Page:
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Software reviews: apps go multifunctional

Could the single-purpose mobile app go the way of the standalone word processor? We look at the apps that pack in a lot more than one function.

Fluffy Delusions: Classic Notes + App Box

$2 or free

This is an Android note-taking app with a difference: as well as simple notes, it makes it easy to create to-do lists, shopping lists and sketches. You can add images or videos to notes, and add notes and alerts to your calendar, but it can do much more as well.

Most engineers will have a notebook app on their phones; many will also have a unit and currency converter and a to-do list app, and some will have a sketching app and a timer too. You might also have bookmarks for weather forecasts, or to look up film or music references, or online dictionaries. Classic Notes does all of that, too.

In fact, its list of extra features is almost absurdly long. As well as the usual pre-formatted calculators for restaurant tips, mortgage rates, BMI and so on, it includes a bunch of options from looking up postcodes and nearby toponyms, through random password generation and a simple stopwatch, to recipes and quotes of the day. With each look-up or calculation you can save the result as a note.

There are a few caveats. For a start, many of the extras need an active Internet connection, plus there is no option to call them from within an existing note. Navigation is somewhat non-intuitive, too. Some users will also baulk at the fact that Classic Notes has no online element to sync to, though you can use the usual Android hooks to save notes to services such as Dropbox and Google Drive, email them, publish them on Facebook, save to the SD card, and so on.

Fossil Software: AppZilla 3 

Free or 99p

At heart AppZilla is lots of little pre-programmed calculators and utilities for the iPhone, some so-so and some really good. Many are mostly for entertainment - for example a calculator that gives your age right down to hours and minutes, an Aldis Lamp-style Morse code generator, a quiz-style game buzzer, an on-screen Zippo lighter, a bunch of games, and some Instagram-style camera and photo filters, such as a pretend heat camera (it simply colourises the image) and a pixelating camera.

Such fripperies aside, quite a few of the applets are potentially very useful: digital spirit-levels and a plumb-bob that use the iPhone’s accelerometers, say, plus a password generator and several different timers, including a car-parking minder which not only uses GPS to remember where you left the car but also tracks how much time is left on the meter.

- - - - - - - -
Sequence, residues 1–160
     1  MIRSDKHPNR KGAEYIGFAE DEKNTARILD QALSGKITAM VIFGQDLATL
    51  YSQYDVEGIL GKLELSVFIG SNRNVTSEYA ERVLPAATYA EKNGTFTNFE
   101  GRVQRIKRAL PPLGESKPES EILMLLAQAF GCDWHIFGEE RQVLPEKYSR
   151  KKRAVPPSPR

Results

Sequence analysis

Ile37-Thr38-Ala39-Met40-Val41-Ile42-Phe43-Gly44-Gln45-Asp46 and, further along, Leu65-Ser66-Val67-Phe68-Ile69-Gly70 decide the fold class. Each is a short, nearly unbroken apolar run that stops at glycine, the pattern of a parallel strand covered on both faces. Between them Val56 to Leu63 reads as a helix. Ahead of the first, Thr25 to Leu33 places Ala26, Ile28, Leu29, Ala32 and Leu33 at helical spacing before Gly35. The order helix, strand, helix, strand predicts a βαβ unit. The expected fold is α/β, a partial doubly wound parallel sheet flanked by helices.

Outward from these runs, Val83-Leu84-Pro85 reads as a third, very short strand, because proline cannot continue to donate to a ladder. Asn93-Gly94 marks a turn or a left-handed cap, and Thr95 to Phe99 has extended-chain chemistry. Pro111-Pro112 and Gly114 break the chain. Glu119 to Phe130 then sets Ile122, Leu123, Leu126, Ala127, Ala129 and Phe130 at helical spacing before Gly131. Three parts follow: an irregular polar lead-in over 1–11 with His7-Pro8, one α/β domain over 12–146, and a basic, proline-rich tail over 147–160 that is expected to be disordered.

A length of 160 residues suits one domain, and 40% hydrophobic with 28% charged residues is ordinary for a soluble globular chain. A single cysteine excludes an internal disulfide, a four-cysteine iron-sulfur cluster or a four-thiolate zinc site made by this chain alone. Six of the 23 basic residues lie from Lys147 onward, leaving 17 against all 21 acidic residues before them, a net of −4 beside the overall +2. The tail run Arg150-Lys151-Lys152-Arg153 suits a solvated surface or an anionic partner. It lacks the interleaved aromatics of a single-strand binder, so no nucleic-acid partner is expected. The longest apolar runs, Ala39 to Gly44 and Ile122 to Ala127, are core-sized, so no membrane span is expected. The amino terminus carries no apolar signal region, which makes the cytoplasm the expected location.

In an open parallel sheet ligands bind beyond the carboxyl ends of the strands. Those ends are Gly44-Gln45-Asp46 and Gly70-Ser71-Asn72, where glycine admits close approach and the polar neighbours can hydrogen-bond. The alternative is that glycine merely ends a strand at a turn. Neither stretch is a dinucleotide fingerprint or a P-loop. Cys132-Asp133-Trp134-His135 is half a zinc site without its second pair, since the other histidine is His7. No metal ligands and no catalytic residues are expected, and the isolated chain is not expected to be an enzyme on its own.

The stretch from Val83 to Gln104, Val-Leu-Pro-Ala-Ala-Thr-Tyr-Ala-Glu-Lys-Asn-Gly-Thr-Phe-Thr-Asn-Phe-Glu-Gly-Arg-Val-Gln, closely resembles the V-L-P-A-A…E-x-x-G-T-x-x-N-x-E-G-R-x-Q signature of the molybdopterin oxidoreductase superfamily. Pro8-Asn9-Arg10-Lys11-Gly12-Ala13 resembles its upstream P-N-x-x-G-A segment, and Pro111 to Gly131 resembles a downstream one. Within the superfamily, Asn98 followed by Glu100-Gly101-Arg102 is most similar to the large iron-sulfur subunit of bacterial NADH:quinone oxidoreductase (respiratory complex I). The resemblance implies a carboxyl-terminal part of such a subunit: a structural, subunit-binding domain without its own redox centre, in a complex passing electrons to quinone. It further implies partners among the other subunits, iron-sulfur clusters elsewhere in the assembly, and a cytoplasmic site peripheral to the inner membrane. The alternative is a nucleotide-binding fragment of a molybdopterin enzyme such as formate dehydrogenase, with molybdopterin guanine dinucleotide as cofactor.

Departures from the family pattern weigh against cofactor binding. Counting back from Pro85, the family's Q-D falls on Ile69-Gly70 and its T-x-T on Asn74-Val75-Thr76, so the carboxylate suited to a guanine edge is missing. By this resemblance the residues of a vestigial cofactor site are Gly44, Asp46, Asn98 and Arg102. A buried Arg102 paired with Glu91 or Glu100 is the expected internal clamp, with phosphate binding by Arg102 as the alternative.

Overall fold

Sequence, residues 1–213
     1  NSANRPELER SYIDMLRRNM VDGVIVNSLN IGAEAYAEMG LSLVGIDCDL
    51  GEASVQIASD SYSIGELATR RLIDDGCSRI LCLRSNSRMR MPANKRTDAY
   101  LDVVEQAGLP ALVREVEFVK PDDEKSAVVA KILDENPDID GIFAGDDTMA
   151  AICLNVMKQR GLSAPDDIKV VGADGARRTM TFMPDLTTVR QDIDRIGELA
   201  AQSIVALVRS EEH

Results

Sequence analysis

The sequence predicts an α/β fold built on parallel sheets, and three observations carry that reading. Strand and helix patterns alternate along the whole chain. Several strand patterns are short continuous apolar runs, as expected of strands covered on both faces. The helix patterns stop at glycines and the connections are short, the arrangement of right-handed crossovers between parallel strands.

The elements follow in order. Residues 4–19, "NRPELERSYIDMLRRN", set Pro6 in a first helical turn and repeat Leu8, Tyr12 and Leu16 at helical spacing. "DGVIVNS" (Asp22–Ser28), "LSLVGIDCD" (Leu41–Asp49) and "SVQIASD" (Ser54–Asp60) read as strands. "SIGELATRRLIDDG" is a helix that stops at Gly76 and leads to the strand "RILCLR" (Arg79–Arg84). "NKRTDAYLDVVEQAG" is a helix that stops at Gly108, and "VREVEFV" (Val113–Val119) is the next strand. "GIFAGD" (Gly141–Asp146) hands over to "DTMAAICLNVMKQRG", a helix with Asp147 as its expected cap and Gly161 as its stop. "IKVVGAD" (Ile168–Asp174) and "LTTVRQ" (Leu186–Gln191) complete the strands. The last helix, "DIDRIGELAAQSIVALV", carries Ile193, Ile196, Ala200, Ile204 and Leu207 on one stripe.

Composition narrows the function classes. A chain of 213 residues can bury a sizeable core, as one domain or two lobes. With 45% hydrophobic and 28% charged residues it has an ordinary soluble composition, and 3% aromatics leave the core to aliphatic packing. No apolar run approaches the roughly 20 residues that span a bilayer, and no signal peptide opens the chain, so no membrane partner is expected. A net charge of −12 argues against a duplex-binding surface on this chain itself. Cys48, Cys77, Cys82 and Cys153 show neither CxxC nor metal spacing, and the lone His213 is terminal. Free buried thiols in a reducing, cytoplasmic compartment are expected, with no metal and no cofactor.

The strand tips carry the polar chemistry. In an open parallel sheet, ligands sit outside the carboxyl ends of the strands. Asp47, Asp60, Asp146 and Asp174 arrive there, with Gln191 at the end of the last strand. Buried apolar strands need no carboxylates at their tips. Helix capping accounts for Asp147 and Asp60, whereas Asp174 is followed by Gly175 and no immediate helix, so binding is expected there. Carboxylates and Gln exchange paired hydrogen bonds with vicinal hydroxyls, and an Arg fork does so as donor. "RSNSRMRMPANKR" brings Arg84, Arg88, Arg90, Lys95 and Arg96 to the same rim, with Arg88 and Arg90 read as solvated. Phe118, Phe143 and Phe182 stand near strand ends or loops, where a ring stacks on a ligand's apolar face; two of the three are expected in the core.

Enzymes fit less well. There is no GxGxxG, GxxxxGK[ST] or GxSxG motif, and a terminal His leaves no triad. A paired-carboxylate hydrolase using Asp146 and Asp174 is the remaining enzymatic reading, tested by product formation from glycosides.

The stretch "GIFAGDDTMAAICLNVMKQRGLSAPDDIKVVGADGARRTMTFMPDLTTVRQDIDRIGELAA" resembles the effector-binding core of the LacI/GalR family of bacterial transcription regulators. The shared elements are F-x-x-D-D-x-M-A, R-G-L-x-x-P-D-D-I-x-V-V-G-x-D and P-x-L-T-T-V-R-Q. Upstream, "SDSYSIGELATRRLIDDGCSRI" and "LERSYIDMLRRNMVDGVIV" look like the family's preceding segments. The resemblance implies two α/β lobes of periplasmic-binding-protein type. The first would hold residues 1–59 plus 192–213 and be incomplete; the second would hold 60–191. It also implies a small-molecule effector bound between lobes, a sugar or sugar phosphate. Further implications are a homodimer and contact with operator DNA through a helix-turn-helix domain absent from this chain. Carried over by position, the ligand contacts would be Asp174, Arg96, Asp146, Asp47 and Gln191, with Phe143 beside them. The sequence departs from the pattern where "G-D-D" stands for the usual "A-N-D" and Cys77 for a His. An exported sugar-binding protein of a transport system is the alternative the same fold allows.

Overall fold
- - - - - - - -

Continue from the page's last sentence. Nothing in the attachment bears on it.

The inevitable tip calculator is there, along with currency and unit converters, and some people will no doubt find the moon-phase calculator very useful. There’s also a number of embedded websites such as Google Mail, Reader and Trends, and Wikipedia. There are also applets to set up group lists for email and SMS.

One nice touch is the ability to view the apps in groups - say, only the utilities, or only the reference items - and either see just your favourites, or reorder the lists to put your favourites first. On the downside, a few applets are US-specific such as the census, zip code and area code lookups, and the adverts in the free version are annoyingly intrusive. The paid version is very cheap, however.

Also worth a look for the iPhone is AppBox Pro from AllAboutApps. This includes some of the same features as AppZilla plus a few of its own, such as event reminders and a secure wallet for storing account details, card numbers and the like. The paid version provides 20+ applets - more if you count all the web-app links - while a free version offers 11.

Aaron: Android Assistant 

Free

Opening with a colourful representation of your phone’s status as a set of pie charts, Android Assistant is a set of tools and utilities bundled into a single app.

In some ways it is simply a graphical skin on existing functions within Android, but it really does make some things a lot easier to do because it brings them together in one place. For example, if you are particular about your privacy, it presents all the available histories - web browsing, Google Maps etc - on one screen so you can clear the lot if you choose.

And even when it simply calls the underlying Android tool, it can ease the task. For instance, it lists all the programs with clearable cached data on one screen; choosing one of these still takes you to the standard Android application manager, but there is no more need to scroll through a long list of apps, trying to remember which ones you need to clear. Similarly, it can list only the apps that haven’t been moved to SD yet, so you don’t have to hunt through the Manage Applications menu one by one.

My one caveat would be that several of its functions are related to task-killing. Despite what some people say, this is not necessary on a modern operating system such as Android, which already includes relatively sophisticated task and memory management; still, it probably won’t do any harm, so if you think it helps, then go ahead.

Android Assistant also features an app backup tool, a set of toggles to turn key phone features on and off, and a pretty decent file manager, among others.

All in all, like a Swiss Army Knife, the total package should meet most users’ everyday needs. The individual tools are often not as powerful as standalone equivalents though - in particular, there is no support for root mode. As ever, there will always be a need for a proper toolbox.

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